65 S. Sandusky St.
Delaware, OH 43015
David Markwardt, Associate Dean of the OWU Connection
Project Title: Taking Control: Maintaining Goals in the Counting Stroop
Mentor: Kira Bailey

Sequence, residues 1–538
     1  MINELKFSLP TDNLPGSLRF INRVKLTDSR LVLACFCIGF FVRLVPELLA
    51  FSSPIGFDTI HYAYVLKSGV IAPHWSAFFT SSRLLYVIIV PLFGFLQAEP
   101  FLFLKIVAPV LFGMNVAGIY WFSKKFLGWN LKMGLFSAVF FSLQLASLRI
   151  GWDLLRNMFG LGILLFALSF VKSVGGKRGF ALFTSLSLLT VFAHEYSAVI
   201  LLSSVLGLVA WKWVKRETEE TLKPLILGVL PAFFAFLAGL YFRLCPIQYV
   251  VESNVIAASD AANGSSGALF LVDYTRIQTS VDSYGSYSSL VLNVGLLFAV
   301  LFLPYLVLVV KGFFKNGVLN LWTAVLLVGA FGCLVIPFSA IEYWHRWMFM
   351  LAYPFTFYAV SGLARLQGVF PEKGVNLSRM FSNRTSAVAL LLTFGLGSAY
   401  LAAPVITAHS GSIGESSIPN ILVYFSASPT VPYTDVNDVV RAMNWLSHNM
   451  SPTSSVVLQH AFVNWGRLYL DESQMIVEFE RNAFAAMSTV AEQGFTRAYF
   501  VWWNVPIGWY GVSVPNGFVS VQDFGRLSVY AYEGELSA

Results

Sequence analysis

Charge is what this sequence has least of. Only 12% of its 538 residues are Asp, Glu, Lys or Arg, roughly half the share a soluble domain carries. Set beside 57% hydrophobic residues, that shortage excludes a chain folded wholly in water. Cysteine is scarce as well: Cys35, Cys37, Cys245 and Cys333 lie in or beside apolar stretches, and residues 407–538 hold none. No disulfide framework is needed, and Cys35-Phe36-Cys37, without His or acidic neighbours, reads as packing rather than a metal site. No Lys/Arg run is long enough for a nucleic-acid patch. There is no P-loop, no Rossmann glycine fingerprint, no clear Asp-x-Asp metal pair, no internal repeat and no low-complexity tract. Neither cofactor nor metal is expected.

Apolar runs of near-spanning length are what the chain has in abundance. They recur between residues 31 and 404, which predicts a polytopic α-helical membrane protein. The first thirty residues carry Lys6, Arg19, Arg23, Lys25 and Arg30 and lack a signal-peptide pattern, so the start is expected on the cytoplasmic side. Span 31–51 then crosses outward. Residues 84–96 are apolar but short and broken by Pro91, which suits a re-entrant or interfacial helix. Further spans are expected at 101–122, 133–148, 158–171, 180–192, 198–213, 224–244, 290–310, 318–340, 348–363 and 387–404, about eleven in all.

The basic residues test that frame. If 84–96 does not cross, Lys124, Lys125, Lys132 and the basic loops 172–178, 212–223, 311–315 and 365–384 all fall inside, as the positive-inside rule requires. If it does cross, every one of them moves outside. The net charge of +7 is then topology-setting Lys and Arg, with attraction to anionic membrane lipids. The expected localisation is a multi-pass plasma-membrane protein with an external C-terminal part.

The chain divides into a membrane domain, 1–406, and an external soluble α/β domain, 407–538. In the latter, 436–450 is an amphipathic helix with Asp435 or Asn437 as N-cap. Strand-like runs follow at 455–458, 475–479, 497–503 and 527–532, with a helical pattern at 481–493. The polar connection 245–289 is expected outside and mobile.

The Dual Mechanisms of Control theory proposes that individuals flexibly alternate between two modes of control – reactive and proactive – based on current task demands (Braver, 2012). In imaging studies, reactive control is correlated with transient activity in the lateral prefrontal cortex (PFC) and the anterior cingulate cortex, while proactive control is associated with sustained activity in the lateral PFC. Research using event-related potentials (ERPs) has identified the frontal slow wave (FSW) as a neural marker of proactive control (Bailey, West, & Anderson, 2010; West & Bailey, 2012; West et al., 2012). The current study aimed to replicate and extend previous work by examining slow wave activity in a counting Stroop task. The counting Stroop, like the traditional color-word Stroop (Stroop, 1935), requires participants to respond to stimuli with features that are congruent or incongruent to their task goals, making it ideal for examining the use of cognitive control. In the current study, the proportion of congruent and incongruent trials was manipulated in order to encourage participants to rely on reactive or proactive control. Additionally, the response-to -stimulus interval (RSI) was varied to examine the effect of task timing on the implementation of control. The data revealed that both the proportion of congruent trials and the RSI influence which type of control is utilized. The presence of slow wave activity during mostly incongruent blocks of trials and longer RSIs further supports its association with the implementation of proactive control.